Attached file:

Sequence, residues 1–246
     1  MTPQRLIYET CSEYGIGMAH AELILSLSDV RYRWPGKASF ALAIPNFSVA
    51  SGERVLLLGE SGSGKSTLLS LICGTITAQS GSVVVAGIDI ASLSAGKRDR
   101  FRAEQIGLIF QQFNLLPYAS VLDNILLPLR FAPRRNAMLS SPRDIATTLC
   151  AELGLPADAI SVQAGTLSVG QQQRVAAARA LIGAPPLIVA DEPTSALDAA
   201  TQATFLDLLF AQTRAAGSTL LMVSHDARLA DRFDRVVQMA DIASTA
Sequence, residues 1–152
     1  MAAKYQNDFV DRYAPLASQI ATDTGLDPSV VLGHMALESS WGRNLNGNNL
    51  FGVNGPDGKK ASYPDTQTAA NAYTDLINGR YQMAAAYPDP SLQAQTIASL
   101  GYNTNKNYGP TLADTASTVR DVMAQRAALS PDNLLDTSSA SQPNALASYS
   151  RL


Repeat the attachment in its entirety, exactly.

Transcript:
Sequence, residues 1–246
     1  MTPQRLIYET CSEYGIGMAH AELILSLSDV RYRWPGKASF ALAIPNFSVA
    51  SGERVLLLGE SGSGKSTLLS LICGTITAQS GSVVVAGIDI ASLSAGKRDR
   101  FRAEQIGLIF QQFNLLPYAS VLDNILLPLR FAPRRNAMLS SPRDIATTLC
   151  AELGLPADAI SVQAGTLSVG QQQRVAAARA LIGAPPLIVA DEPTSALDAA
   201  TQATFLDLLF AQTRAAGSTL LMVSHDARLA DRFDRVVQMA DIASTA
Sequence, residues 1–152
     1  MAAKYQNDFV DRYAPLASQI ATDTGLDPSV VLGHMALESS WGRNLNGNNL
    51  FGVNGPDGKK ASYPDTQTAA NAYTDLINGR YQMAAAYPDP SLQAQTIASL
   101  GYNTNKNYGP TLADTASTVR DVMAQRAALS PDNLLDTSSA SQPNALASYS
   151  RL